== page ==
Spring 2015

Exterior view of the Law School's inner courtyard

Students and Alumni Unite to Guarantee Summer Funding for All 1Ls

Program Will Be Most Inclusive of Any Top Law School

By Amy Spooner

Beginning in 2016, 1Ls can land a great summer internship with less worry about paying the bills. And in true Michigan Law fashion, it’s because the community is taking care of its own.

Gifts from the Himan Brown Charitable Trust and from Lisa and Chris Jeffries, ’74—with a startup gift from the Law School Student Senate (LSSS) and ongoing fundraising through Student Funded Fellowships (SFF)—will support 1Ls taking unpaid or low-paying summer internships in the public, nonprofit, and private sectors, making it the most inclusive program at any top law school. Michigan’s program will issue interest-free, forgivable loans administered by SFF, a Michigan Law student organization that since 1977 has provided some $2.5 million in summer funding support for 1Ls.

“Former and current students are helping current and future students,” says Dean Mark West. “That mutual support represents our Law School at its finest.” He notes the program’s inclusive nature also epitomizes Michigan Law. “Several peer schools offer 1L funding, with limited eligibility. One of the best things about Michigan Law is the divergent paths our students pursue, so it was important that we offer summer funding to everyone.”

Law-related 1L summer employment is essential for exploring possible careers and gaining experience needed to secure good jobs for the 2L summer and beyond. Most 1L jobs pay very little, and large firms rarely employ 1Ls; in addition, jobs with the most promise for the future often are in cities with high costs of living. Therefore, many students struggle to balance goals and current means.

As an unpaid intern in the L.A. County Public Defender’s Office, Brian Holbrook, ’13, lived the dilemma in 2011. He shared a studio apartment with two friends, scrimped for basic necessities, and returned to Michigan determined to find a better way. “I’d found my calling as a public defender,” says Holbrook, “but supporting myself was challenging. It highlighted the discrepancy between students’ need and the funding SFF could provide.”

Holbrook began drafting a proposal to increase funding with fellow SFF board member Adrian Ohmer, ’13, Adam Miller-Howard, ’13, and Daniella Schmidt, ’13, an Organization of Public Interest Students board member. “We didn’t want to complain without proposing a solution,” says Ohmer. “We were deeply motivated to right a longstanding wrong.”

Armed with data on comparable programs at peer schools, the students built a model based on forgivable loans, and sought ongoing input from students, faculty, and Law School administrators. While the reaction was favorable, the group was told that near-term funding was unlikely.

Enter Dean West, who heard Miller-Howard pitch the proposal as he was becoming dean in 2013. “I left the meeting hopeful that he would make it a priority as dean,” says Miller-Howard. And he did. “The plan and level of detail were brilliant,” says West. “It should come as no surprise that a group of Michigan Law students thought through everything.”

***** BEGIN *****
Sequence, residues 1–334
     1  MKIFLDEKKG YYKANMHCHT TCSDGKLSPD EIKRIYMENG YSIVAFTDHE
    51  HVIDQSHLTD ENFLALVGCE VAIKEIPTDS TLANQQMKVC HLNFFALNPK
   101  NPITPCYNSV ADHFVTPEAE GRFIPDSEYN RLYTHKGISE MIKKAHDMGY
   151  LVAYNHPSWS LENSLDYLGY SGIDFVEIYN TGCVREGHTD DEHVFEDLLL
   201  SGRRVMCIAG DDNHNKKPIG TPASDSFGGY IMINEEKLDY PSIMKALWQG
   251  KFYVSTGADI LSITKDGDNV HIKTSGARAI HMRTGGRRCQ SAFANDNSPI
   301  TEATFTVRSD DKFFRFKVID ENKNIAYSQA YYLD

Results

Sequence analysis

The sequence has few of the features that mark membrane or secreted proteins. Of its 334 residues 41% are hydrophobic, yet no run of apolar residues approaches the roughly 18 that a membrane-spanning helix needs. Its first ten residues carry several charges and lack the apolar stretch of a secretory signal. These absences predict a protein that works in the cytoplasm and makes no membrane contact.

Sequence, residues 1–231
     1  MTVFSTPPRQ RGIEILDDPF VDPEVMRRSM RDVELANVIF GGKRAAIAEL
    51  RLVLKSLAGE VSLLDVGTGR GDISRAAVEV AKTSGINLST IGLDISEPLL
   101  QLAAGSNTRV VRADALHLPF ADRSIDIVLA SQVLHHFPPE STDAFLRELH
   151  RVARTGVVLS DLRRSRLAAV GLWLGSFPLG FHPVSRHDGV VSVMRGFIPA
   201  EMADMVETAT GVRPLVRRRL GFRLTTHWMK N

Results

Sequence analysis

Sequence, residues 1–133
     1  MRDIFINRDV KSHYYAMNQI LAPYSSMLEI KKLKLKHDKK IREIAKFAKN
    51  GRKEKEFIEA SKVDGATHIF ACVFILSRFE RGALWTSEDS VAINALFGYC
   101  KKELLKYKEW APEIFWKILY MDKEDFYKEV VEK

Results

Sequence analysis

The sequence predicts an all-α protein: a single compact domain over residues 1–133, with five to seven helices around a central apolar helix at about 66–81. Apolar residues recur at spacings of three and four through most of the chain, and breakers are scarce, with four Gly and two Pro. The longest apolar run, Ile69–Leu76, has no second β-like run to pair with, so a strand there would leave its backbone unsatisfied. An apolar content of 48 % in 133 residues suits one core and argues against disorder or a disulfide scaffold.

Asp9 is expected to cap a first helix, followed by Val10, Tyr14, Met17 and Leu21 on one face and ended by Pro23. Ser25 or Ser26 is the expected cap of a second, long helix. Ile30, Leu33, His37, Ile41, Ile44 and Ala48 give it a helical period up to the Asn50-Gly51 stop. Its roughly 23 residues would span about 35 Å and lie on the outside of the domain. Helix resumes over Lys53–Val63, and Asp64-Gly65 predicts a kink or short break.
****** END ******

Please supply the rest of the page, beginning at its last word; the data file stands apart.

With student support a pillar of the Victors for Michigan fundraising campaign, West considered the right donors to share his excitement for the proposal. Meanwhile, the trustee of the Himan Brown Charitable Trust expressed a desire to help the Law School meet its $70 million student support campaign goal. The trustee and his son are both Michigan Law grads. West approached the charitable trust and Lisa and Chris Jeffries about expanding 1L summer funding, a proposal that aligned well with the Jeffrieses’ desire to make a substantial gift in support of students and the charitable trust’s desire to support causes that include education.

“Mark [West] was passionate about the program and convinced that it was critical,” says Chris Jeffries. “His enthusiasm and the plan’s close tie with my goals made it natural for me to get involved.” The Himan Brown Charitable Trust gift was similarly motivated, says the trustee. “When Dean West said students stop him in the halls to ask about progress on 1L summer funding, we knew we could make a real difference.”

Leaders of the LSSS and SFF also rallied around the idea. LSSS had accumulated a significant fund that it earmarked for a program to support all students; 1L summer funding proved a perfect choice. “The support from LSSS was crucial financially and also because it showed that the student body bought into the plan,” says West.

Under the new program, all 1Ls will be eligible for summer funding up to $4,000, beginning in the 2015-2016 academic year. The funding, disbursed as a loan, will be forgiven for any student whose earnings during both law school summers total less than $18,000. Students who earn $20,000 or more must fully repay the loan, while those earning $18,000-$20,000 will repay on a sliding scale. Student repayments ultimately will make the program self-sustaining.

Meanwhile, SFF fundraising efforts will continue providing a limited number of highly competitive public service grant awards annually. Continued support of SFF initiatives like the spring auction are vital to retaining adequate funding for the program, says SFF co-chair Kate Aufses, a 3L. At the same time, the group is elated to have additional resources available.

“Providing financial assistance to everyone who needs it has always been SFF’s dream, so we are thrilled,” Aufses says. “And maintaining the student-managed, student-funded aspects of SFF highlights the Michigan Law spirit of the new program. We are so grateful to everyone who made this possible.”